About Studies of Familiar Birds
Carrie Green’s Studies of Familiar Birds reflects upon the series of nest-and-egg illustrations that Virginia Jones saw to completion after her daughter, who had begun the project, died.
The artist’s loss in the late nineteenth century is presented in tandem with the poet’s artistic response to the death of her own father. Other poems draw inspiration from altered vintage photographs in Sara Angelucci’s Aviary series or from firsthand observations of birds and humans.
This collection, unique in subject and sensibility, is a special honoree of the 2019 Able Muse Book Award.
Praise for Studies of Familiar Birds
Studies of Familiar Birds helped shepherd me through the dark winter months of a pandemic trudging toward its first birthday. Green’s poems gave flight to and grounded my spirit in ways I did not know I needed. It proved to be an evocative and necessary reminder that decay and death share a bed of leaves with everyday moments of natural beauty, and that memories of loved ones are at once ethereal and tied inextricably to the physical world they inhabited with us.Matthew Lafferty, “A Nature to Themselves: A Review of Studies of Familiar Birds,” EcoTheo Review
Green writes with such grace and skill that the reader can’t help but feel both the ache of having lost and the joy of having loved. I will return to this book again and again as it “teach[es] us to sing our grief.”Amy Fleury, author of Sympathetic Magic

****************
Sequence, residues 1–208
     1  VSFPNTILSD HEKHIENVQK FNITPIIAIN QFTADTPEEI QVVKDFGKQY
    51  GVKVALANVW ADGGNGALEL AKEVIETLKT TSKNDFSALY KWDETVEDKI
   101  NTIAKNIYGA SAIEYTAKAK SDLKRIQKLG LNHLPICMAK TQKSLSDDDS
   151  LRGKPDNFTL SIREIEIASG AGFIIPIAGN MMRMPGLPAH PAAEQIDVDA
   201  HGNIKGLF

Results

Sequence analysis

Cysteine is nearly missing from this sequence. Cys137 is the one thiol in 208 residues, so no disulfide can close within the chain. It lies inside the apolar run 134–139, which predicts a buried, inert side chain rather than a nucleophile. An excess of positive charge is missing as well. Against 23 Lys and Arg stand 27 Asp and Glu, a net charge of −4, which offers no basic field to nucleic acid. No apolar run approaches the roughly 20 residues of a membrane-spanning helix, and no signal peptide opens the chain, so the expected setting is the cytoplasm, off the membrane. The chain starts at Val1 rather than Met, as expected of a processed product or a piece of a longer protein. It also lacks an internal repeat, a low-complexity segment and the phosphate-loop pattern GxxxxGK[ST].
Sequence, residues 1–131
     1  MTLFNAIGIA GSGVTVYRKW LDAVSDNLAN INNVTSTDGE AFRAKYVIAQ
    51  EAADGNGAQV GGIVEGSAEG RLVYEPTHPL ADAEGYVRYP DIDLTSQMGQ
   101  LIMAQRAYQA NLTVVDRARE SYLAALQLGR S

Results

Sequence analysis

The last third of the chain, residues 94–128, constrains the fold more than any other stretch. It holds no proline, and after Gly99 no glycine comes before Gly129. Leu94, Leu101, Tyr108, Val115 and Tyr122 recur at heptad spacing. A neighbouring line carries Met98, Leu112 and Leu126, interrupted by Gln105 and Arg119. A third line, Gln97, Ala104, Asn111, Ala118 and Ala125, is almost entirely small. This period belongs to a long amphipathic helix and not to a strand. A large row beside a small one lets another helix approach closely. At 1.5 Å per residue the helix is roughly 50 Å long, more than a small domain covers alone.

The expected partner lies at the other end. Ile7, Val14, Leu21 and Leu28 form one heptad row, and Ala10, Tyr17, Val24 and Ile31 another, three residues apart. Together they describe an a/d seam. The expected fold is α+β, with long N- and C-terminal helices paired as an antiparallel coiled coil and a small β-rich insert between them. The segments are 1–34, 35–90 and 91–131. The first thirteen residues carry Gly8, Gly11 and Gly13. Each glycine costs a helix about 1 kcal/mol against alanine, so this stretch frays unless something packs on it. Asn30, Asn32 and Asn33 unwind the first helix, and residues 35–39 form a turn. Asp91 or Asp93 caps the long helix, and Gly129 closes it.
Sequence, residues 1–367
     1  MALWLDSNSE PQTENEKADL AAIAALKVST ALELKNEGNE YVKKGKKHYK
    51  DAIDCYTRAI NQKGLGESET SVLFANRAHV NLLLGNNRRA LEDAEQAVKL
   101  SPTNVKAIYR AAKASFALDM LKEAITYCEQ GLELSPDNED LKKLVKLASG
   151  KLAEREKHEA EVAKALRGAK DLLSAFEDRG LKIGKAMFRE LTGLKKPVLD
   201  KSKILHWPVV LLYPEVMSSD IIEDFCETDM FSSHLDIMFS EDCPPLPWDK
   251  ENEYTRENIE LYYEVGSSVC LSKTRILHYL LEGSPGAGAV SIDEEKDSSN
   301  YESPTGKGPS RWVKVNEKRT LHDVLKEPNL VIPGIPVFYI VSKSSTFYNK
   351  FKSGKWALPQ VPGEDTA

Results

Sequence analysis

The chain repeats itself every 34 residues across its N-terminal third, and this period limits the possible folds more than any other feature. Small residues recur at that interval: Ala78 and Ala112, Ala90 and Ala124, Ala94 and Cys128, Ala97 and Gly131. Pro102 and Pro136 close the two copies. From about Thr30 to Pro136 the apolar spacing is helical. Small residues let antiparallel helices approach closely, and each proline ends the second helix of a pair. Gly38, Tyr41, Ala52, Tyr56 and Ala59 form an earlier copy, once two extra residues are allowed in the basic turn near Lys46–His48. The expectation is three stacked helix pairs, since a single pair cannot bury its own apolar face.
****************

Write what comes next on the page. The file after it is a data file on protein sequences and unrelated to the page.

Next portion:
With words chosen as carefully as birds select components for a nest, Studies of Familiar Birds masterfully intertwines Carrie’s insight into Virginia [Jones’s] griefwork with memories of her father and descriptions of altered photographs from Sara Angelucci’s series Aviary….Joy M. Kiser, author of America’s Other Audubon
…Green weaves accounts of winged things—house wrens, bees, jays, herons, owls, thrushes—into formally deft poems, each a unique receptacle for grief and praise…. Green’s archive is the warp and weft of the world’s remnants, “whether / silk or weed stem, / velvet or vine,” garnering from them wisdom on how to survive life’s losses and to sing despite them.Lisa Russ Spaar, author of Orexia
About Illustrations of the Nests and Eggs of Birds of Ohio
Genevieve Jones began Illustrations of the Nests and Eggs of Birds of Ohio with her friend and collaborator, Eliza J. Shulze. In 1879, just one month after the book’s first plates were mailed to subscribers, Genevieve contracted typhoid fever and died at the age of 32.
Her family decided to complete the project in her honor, with Genevieve’s mother, Virginia—a woman with no experience in scientific illustration—producing the lithographs in Genevieve’s place.
To learn more about the Jones family and their work, visit the Smithsonian’s online exhibit or read America’s Other Audubon by Joy M. Kiser. You can also find the full text of Illustrations of the Nests and Eggs of Birds of Ohio at the Biodiversity Heritage Library.